Purpose: The aim of this study was to evaluate the clinical, histological, hematological, and oxidative stress effects of cannabidiol (CBD) in mice with induced oral mucositis.
Methods: We used 90 mice of the CF-1 strain in which oral mucositis was induced using a protocol with 5-fluorouracil (5-FU) chemotherapy. The animals were divided randomly into 10 study groups. Three groups were treated with different doses of CBD (3, 10, and 30 mg/kg), while 2 were control groups (positive control: 5-FU + mechanical trauma + placebo; and negative control: mechanical trauma + placebo), and 2 experimental times were studied (4 and 7 days). All treatments were by intraperitoneal administration.
Results: In the clinical evaluation, the groups treated with CBD showed less severity of oral lesions compared with the positive control at both experimental times. The intensity of the inflammatory response was also lower in the groups treated with this drug, but there was no statistically significant difference when compared with the positive control. With regard to erythrocyte, leukocyte, and platelet counts and anti-oxidant enzyme activity, the groups treated with CBD showed better results, but only some of these variables showed statistically significant differences.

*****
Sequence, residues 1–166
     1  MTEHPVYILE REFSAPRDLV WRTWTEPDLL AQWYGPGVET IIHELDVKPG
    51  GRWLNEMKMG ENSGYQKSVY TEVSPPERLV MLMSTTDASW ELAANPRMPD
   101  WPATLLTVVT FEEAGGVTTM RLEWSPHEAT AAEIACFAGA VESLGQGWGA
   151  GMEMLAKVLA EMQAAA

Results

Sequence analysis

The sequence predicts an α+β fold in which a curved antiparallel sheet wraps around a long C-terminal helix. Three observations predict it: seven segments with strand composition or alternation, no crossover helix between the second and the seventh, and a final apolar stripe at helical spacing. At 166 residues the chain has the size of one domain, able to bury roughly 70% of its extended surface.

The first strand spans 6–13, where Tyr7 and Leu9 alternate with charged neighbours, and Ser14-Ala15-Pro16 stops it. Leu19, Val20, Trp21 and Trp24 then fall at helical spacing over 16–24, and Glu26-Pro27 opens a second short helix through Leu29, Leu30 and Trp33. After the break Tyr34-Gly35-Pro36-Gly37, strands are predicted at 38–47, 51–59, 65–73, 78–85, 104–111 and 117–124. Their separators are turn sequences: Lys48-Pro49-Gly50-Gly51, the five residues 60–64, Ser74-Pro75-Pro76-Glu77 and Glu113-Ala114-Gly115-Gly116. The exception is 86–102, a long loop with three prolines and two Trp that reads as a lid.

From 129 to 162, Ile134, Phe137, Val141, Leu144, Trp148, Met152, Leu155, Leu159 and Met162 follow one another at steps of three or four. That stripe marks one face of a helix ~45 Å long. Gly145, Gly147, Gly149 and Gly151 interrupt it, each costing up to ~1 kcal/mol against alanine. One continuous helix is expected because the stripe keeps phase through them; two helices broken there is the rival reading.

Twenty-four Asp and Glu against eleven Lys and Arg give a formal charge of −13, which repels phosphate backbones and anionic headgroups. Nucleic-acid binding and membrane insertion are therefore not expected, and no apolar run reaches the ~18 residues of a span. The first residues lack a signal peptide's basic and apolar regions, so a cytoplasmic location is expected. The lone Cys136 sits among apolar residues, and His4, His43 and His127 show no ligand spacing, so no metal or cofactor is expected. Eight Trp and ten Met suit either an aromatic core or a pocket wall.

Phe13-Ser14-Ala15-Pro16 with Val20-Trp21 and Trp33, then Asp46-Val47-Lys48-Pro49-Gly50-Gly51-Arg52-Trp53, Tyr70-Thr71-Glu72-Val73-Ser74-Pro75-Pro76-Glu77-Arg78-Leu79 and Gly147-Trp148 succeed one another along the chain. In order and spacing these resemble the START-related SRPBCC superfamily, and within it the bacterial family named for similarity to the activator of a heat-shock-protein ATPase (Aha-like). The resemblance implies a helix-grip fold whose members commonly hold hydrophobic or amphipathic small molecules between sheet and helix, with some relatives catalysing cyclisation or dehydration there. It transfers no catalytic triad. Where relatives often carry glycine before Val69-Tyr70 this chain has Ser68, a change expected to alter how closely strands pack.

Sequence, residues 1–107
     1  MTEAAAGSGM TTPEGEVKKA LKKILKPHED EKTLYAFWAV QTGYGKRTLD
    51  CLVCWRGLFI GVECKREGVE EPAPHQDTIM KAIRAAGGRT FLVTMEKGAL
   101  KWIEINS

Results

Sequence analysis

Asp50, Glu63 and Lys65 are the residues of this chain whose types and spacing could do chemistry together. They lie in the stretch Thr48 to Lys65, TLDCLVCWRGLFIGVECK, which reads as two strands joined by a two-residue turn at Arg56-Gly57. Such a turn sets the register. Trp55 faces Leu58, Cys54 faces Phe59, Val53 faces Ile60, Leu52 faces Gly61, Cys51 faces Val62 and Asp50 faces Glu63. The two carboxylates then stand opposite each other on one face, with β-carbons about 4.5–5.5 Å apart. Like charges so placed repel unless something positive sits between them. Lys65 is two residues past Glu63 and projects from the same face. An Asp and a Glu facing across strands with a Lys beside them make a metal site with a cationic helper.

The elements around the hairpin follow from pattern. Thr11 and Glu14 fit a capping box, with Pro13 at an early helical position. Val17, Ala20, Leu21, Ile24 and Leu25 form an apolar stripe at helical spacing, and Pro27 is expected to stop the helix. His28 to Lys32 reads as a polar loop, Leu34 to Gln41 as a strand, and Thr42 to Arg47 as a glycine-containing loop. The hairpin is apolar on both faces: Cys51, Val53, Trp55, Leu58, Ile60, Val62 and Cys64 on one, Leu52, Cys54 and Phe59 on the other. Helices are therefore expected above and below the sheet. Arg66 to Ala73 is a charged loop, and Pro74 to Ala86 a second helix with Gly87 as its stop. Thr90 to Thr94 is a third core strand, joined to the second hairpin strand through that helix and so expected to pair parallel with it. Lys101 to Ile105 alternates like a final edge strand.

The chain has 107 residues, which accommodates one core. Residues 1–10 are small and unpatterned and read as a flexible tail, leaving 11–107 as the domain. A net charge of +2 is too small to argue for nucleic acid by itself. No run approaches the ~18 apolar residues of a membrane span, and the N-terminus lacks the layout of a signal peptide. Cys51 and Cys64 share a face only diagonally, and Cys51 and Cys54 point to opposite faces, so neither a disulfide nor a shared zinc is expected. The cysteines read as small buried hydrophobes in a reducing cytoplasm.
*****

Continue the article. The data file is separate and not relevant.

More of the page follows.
Conclusions: CBD seems to exert an anti-inflammatory and anti-oxidant activity favoring a faster resolution of oral mucositis in this animal model.
Keywords: 5-FU chemotherapy; CAT; GSH; anti-oxidant enzymes; cannabidiol; erythrocyte count; inflammatory score; mice; mucositis classification; oral mucositis; platelet count; white blood cell count.
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